This is my current take on what I think of the “Charismatic Christian” movement. Because it is such a sensitive topic, I have been trying to avoid the subject until I felt like I had gathered and researched enough of the underlying information out there before making a call. However, there seems to be more and more charismatic Christians out there, and due to my where I stand as a Christian (in terms of my statement of faith – which I haven’t really properly written up) I find it as something that desperately needs to be addressed. Let me say in short that I am very strongly opposed to “charismatics” because it seems to pervert what a relationship with Jesus is all about; but let me spend the rest of this post qualifying what I mean by “charismatics” and why it doesn’t exhibit what a Christian’s relationship with Jesus should be about.
Let me start by trying to explain what I think is the core of the “problem”. See, the thing I strongly disagree with people who are “charismatics” is the way they treat the Holy Spirit and the way they let it permeate their beliefs and their actions. The people I would term “charismatics” are those who make the Holy Spirit (or “spiritual” things in general) a fundamental and essential part of their Christian lives; in fact, it seems to be the most important thing in their lives that (for one) it misplaces the Bible as the central source of authority – and this is a big mistake! Now I will admit that we need the Bible and the Holy Spirit in our lives; what I’m trying to say is that “charismatics” put much more weighting onto listening to the Holy Spirit, over the Bible, when I believe it should be the other way round.
As a side note right now, I do not want to make an extensively long post and refer to lots of different Bible passages to back up my argument – to reduce the length of the post, I am going to just going to give summaries of what Bible says, but note that there are many passages to refer to, we just don’t have the time right now. Looking into the notion of charisma does indeed take a long time, even this post is meant to be just a summary of my thoughts, findings and experiences over the years.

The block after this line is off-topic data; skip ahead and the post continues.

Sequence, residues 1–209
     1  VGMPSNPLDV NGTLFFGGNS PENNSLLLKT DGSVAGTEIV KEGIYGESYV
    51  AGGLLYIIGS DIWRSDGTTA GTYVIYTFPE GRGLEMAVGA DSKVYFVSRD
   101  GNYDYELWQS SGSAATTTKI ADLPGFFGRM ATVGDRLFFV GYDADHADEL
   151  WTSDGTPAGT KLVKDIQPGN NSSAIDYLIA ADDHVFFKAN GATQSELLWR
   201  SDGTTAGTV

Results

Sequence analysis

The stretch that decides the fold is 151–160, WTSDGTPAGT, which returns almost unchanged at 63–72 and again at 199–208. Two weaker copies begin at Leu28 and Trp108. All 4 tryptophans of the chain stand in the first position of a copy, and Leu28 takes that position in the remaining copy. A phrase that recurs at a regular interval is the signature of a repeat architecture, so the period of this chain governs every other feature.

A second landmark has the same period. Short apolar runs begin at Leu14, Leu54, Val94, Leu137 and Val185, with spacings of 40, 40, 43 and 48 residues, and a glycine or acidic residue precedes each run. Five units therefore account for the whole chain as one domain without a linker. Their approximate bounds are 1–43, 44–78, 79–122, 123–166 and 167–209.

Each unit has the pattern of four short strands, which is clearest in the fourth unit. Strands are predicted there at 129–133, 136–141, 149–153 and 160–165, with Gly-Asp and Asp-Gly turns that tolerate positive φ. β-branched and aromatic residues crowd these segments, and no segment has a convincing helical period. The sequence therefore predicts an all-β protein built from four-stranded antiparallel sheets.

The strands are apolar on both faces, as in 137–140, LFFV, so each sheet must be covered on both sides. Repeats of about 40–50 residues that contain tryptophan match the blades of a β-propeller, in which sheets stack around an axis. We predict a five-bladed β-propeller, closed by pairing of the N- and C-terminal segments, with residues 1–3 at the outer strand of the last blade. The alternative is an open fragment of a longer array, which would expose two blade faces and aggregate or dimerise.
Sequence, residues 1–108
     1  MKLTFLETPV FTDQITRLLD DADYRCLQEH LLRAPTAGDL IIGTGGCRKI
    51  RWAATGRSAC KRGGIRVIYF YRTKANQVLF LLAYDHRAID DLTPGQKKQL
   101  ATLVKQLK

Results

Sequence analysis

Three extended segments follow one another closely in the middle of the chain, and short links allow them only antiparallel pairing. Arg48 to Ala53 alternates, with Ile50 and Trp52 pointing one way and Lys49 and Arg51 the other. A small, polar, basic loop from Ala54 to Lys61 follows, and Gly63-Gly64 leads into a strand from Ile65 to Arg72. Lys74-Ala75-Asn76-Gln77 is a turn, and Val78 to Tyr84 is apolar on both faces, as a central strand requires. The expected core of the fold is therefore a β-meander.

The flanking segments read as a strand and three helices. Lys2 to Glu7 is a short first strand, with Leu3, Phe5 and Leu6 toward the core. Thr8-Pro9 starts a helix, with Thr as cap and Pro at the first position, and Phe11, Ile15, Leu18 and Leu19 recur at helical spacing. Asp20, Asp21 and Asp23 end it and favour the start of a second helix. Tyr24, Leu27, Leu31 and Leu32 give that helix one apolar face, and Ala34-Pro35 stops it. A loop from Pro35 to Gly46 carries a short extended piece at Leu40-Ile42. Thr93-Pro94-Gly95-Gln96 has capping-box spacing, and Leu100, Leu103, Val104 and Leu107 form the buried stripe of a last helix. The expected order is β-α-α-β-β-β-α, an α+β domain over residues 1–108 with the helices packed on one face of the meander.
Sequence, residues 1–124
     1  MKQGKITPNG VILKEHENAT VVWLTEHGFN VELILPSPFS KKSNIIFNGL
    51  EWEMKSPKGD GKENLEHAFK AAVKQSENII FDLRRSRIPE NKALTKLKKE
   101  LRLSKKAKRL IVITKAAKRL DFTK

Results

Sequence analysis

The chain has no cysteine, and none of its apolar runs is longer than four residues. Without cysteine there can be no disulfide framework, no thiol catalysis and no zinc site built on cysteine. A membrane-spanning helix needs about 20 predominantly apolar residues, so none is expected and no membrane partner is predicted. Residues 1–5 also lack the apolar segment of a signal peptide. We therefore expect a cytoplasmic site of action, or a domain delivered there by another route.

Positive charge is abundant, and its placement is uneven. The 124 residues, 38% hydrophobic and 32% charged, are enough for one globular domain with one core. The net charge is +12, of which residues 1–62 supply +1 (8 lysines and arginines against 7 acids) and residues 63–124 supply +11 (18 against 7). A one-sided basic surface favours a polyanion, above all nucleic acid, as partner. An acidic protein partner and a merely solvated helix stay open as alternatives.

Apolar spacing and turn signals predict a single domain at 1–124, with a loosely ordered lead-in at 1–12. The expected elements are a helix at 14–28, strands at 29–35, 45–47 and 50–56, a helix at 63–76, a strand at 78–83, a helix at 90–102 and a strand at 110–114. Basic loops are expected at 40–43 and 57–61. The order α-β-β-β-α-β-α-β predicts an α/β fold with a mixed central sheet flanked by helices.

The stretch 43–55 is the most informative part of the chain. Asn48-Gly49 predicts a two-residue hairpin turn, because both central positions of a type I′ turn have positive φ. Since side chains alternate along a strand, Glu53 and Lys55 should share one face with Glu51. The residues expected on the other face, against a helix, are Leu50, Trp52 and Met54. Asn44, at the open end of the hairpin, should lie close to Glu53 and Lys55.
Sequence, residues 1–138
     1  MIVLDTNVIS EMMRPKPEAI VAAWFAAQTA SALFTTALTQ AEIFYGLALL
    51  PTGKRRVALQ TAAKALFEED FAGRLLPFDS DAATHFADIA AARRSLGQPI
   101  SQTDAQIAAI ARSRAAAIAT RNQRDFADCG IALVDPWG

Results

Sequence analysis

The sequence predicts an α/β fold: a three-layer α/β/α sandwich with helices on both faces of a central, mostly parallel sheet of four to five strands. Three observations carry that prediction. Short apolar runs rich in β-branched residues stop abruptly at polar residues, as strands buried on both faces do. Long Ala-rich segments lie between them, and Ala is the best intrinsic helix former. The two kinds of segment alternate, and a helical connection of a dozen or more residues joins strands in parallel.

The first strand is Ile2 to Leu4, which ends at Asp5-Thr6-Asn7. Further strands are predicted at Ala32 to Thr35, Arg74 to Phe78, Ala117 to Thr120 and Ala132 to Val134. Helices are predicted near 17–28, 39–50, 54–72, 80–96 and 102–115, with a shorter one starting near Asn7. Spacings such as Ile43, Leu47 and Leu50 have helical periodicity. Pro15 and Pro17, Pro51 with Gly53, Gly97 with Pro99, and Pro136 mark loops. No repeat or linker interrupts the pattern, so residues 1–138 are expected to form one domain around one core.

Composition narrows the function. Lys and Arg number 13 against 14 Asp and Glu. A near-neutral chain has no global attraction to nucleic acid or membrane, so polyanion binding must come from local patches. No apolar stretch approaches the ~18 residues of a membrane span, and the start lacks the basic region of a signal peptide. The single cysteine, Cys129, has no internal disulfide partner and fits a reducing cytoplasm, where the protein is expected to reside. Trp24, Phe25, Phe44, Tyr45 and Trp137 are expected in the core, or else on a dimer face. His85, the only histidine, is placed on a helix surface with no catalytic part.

Now when we come to the Holy Spirit, there are many things to learn about it which we don’t have time for in this post, but I think we mostly link this to “spiritual feelings” and the “charismatics” want to utilise these feelings as much as possible because they think it’s the best way to commune with God. Since God is a “spiritual” being (he’s not human at least – God the Father, I mean) it’s somewhat makes sense that they best way to reach God is through spiritual means, ie the Holy Spirit and things related to the Holy Spirit. The life of a Christian is to grow in a relationship with God and if you believe that the works and acts of the Holy Spirit are the best way to experience and have a relationship with God, then the way you live as a Christian will reflect those beliefs.
Now I don’t know how these beliefs shape the way a charismatic Christian lives their life (since I do not believe these things), so instead of looking from the inside out (that is, the way “inward” beliefs shape “outward” actions) let me put forward my own experiences of outward actions and suggest how they might reflect what the inner beliefs are. Let me start with some minor things, and though these may be things that you do, that does not mean I’m calling you a “charismatic”. The logic is “being a charismatic means you will do these things” but not vice versa, it is not a reflective property. I remember from many years ago people who used to raise their hands during singing/worship. My understanding is that you lift your hands and sway your body to the music being played because on the inside it does feel like you’re really connecting with God in your singing, and lifting your hands makes you feel just that much closer to God, that you could perhaps touch him; I understand that feeling. However, the reality of the situation is that you aren’t getting any closer to God by lifting your hands, and frankly, it is quite distracting to have the person in front of you blocking the lyrics on the screen at the front with their hands. If everyone was lifting their hands as they sung, how does anyone read the words to sing along to? It seems quite unloving and unedifying to lift your hands while singing (in contexts where lyrics are not displayed, it’s more appropriate) but why do so and gratify your own feelings at the cost of the people behind you not being able to see the lyrics?